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Department of the Treasury
Financial Crimes Enforcement Network


Issued: May 3, 2006
Subject: Application of the Regulations regarding Special Due Diligence Programs for Certain Foreign Accounts to NSCC Fund/SERV Accounts

The Financial Crimes Enforcement Network is issuing this guidance to clarify the due diligence obligations of mutual funds under the regulations implementing section 312 of the USA PATRIOT Act (“section 312”).1 Specifically, this guidance addresses the issue of for whom a mutual fund establishes, maintains, administers, or manages an account when its shares are purchased or redeemed by a U.S. financial institution through the Fund/SERV system of the National Securities Clearing Corporation (“NSCC”) on behalf of a foreign financial institution.

It is our understanding that NSCC’s Fund/SERV system streamlines the clearance and settlement of mutual fund transactions by enabling NSCC members to transact business with hundreds of mutual fund families and thousands of mutual funds through a single, standardized process. Transactions in mutual fund securities cleared and settled through Fund/SERV are recorded by a mutual fund’s transfer agent on the NSCC member’s account, although the member in certain circumstances also may rely upon the fund’s transfer agent to perform discrete recordkeeping tasks pursuant to a networking agreement. In order for a foreign financial institution to effect mutual fund purchases and redemptions through Fund/SERV it must either establish an account with an NSCC member, or become directly a member of NSCC.2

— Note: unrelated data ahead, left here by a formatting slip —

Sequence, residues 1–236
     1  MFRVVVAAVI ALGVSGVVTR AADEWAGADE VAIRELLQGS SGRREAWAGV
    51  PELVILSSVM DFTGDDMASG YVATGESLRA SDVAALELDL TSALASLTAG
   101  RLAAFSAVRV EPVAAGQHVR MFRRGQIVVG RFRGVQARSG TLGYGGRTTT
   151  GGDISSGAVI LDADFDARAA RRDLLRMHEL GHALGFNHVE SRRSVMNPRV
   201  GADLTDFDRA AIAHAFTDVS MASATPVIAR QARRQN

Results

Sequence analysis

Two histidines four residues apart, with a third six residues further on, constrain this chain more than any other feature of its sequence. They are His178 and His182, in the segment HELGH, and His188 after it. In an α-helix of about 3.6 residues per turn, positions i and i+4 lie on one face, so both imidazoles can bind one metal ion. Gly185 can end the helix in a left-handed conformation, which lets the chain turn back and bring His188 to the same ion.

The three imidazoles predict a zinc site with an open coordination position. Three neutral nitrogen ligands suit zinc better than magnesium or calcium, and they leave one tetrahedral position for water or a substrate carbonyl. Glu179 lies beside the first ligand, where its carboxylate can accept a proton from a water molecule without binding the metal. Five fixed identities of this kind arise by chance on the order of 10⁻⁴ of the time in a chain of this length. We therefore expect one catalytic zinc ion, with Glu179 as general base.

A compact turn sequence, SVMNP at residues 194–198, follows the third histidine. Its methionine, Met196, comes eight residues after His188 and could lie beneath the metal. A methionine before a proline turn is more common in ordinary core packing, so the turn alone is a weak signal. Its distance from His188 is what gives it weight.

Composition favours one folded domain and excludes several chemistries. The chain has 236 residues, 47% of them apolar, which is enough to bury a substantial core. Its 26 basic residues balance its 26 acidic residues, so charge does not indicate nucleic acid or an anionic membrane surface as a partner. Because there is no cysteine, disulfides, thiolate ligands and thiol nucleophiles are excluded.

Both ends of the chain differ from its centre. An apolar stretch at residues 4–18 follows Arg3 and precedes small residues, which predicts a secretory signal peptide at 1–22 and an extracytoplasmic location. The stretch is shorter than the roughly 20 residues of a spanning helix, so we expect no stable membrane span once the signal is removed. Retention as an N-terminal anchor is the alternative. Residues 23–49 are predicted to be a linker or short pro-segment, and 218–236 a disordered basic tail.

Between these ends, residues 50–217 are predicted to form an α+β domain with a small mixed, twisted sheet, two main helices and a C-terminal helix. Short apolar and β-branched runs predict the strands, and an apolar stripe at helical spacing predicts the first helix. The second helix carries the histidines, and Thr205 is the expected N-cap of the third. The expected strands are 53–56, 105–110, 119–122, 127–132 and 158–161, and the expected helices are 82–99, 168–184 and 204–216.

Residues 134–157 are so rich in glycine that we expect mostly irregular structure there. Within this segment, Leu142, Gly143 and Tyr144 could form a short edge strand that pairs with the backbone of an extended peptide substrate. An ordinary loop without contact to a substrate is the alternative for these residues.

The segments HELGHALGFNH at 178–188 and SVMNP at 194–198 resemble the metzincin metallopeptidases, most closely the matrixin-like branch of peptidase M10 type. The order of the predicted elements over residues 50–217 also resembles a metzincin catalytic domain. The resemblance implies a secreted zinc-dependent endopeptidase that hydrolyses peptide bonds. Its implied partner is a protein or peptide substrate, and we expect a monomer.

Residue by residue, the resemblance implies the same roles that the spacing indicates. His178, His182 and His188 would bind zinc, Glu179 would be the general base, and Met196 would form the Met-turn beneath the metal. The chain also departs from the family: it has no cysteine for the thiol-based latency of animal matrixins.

Based on the facts and circumstances presented, we believe that when an NSCC member is a U.S. financial institution subject to the provisions of section 312 a mutual fund establishes, maintains, administers, or manages an account for the NSCC member, rather than for the NSCC member’s customer.3 In the event that a foreign financial institution becomes an NSCC member, the mutual fund would be required to treat that foreign financial institution as a correspondent account subject to the appropriate level of due diligence and monitoring.

1 Anti-Money Laundering Programs; Special Due Diligence Programs for Certain Foreign Accounts; Final Rule and Proposed Rule, 71 Fed. Reg. 496 (January 4, 2006).
2 We have been made to understand that NSCC membership is limited to financial institutions domiciled or regulated in the United States and other firms approved by the NSCC Board of Directors. Currently, no foreign financial institution is an NSCC member firm.
3 This determination is limited to a mutual fund’s obligations under section 312 in the particular situation described above, and should not be interpreted as a limitation upon the mutual fund’s obligations under section 312 in separate circumstances or its obligations pursuant to other Bank Secrecy Act regulations.